Due to the strategic bomber fleet’s current condition, the air force wisely conducted a request of proposals program for a next-generation bomber. Less than a year ago, the air force selected Northrop Grumman to produce the B-21, a future stealth bomber that has been termed a “sensor-shooter.” Capable of penetrating environments containing anti-access/area-denial weapons systems deployed by Russia and China, and of carrying all of the military’s munitions, including the Massive Ordnance Penetrator, the B-21 is integral to the nation’s future military operations. The Trump administration must ensure that the B-21 does not fall into the same cycle of production cuts and per-unit-price increases as so many other military acquisition programs have. It must ensure through Department of Defense appropriation requests and congressional negotiation that the B-21 program is primed to at least complete its 80–100 unit production plan, if not increase the possible production run to the 174 aircraft that combatant commanders have deemed necessary.

The Fighter Fleet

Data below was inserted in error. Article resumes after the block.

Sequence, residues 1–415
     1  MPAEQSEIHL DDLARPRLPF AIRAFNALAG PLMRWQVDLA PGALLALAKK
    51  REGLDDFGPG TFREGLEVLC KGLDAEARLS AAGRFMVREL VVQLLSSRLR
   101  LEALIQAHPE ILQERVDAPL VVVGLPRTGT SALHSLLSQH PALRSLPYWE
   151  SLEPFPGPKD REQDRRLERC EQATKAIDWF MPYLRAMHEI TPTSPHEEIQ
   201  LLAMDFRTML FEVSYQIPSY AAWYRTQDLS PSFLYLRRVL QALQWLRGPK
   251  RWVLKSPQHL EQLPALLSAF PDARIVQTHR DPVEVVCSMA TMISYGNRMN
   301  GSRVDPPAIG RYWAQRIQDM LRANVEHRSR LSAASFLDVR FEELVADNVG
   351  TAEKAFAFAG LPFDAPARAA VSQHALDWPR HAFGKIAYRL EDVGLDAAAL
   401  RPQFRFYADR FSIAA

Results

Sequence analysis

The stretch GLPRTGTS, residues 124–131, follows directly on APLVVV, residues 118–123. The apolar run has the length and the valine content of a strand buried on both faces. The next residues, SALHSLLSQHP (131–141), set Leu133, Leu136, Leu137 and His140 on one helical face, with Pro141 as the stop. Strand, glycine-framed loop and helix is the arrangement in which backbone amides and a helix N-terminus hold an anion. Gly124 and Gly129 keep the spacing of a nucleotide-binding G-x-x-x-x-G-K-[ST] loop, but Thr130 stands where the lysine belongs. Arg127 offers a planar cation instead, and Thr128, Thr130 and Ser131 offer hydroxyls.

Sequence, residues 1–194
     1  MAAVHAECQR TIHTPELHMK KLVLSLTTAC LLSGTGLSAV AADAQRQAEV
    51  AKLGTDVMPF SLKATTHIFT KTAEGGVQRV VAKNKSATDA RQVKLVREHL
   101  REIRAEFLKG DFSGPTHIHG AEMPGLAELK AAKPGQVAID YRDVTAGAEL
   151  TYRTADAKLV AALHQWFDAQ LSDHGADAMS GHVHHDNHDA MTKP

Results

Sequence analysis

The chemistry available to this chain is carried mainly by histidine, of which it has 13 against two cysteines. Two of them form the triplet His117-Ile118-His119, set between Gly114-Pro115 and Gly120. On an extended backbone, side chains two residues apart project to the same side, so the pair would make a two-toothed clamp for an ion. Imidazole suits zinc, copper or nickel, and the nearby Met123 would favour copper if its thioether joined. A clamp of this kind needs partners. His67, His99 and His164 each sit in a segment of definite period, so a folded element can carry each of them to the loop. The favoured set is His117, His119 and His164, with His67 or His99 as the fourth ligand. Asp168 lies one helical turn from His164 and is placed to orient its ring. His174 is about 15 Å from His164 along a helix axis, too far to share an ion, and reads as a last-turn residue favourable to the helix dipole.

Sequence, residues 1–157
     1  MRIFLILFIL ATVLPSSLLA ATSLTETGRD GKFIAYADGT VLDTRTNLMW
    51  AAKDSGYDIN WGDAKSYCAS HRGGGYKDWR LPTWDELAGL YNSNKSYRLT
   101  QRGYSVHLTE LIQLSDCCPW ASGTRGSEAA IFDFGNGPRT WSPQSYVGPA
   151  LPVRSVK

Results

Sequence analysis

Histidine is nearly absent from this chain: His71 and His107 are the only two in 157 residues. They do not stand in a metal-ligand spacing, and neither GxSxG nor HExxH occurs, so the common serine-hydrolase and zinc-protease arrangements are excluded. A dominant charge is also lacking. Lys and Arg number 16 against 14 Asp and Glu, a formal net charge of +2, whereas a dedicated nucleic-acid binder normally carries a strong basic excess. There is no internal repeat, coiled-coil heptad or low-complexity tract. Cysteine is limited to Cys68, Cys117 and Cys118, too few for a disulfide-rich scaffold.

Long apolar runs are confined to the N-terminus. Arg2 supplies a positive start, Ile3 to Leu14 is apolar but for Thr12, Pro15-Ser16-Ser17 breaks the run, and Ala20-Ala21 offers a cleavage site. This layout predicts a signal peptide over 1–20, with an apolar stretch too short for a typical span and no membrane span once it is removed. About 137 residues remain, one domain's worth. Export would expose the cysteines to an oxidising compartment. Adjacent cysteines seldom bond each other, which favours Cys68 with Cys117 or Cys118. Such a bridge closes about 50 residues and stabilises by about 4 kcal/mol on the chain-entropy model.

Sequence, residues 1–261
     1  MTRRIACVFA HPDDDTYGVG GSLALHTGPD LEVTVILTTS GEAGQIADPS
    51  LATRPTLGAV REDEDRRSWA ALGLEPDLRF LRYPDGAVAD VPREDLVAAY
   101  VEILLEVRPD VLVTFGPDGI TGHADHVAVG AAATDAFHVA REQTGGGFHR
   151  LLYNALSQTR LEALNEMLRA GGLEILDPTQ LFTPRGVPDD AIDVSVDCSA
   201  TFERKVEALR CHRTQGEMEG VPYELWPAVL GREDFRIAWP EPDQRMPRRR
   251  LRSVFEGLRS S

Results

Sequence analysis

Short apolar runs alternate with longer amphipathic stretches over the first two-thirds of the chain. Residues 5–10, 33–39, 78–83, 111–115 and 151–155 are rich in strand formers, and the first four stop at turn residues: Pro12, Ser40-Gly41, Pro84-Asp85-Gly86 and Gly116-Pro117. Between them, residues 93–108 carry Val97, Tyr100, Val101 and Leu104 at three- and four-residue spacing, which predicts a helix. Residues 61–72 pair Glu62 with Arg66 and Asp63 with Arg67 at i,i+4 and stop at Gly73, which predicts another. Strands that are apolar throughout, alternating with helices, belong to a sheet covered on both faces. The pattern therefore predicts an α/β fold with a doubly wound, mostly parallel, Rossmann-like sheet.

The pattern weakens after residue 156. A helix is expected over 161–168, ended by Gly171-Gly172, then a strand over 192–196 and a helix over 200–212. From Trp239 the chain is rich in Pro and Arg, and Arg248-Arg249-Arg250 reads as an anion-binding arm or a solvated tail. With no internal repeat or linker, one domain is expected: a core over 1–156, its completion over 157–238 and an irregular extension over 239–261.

Another key component to the future composition of the air force is the F-22 Raptor. The F-22 is a stealth fighter aircraft which possesses an impressive range of maneuverability, unmatched dogfighting capabilities, and a radar signature the size of a marble. In training exercises, the F-22 has repeatedly demonstrated a kill ratio significantly higher than those of other dogfighting aircraft. In one case, several F-22 fighters shot down over one hundred targets with no losses, and in another simulation, one F-22 eliminated eight F-15s. A single F-22, according to the Air Force, possesses the same capabilities as four F-35 Joint Strike Fighters. Unfortunately, this extraordinary fighter program fell victim to the plague of acquisition cuts.

Originally planned to encompass 749 jets, the program was cut to the air force’s minimum requirement of 381 aircraft, and then terminated by Secretary of Defense Robert Gates after 187 aircraft were produced. This has left the air force significantly under-equipped for high-end airborne combat, with the head of Air Combat Command saying, “We don’t have enough F-22s. That’s a fact of life. We didn’t buy enough.” With only 123 of the 187 aircraft combat coded, six F-22 squadrons were created, each of which contains only twenty-three aircraft compared to the typical fighter squadron loadout of twenty-six aircraft. With so few squadrons available, none are based overseas and only a few aircraft can deploy on a temporary basis. Ideally, the Air Force would have the capability of permanently deploying at least one squadron of F-22 Raptors to Japan, Germany, and the UAE, while maintaining the majority of the fleet within the United States.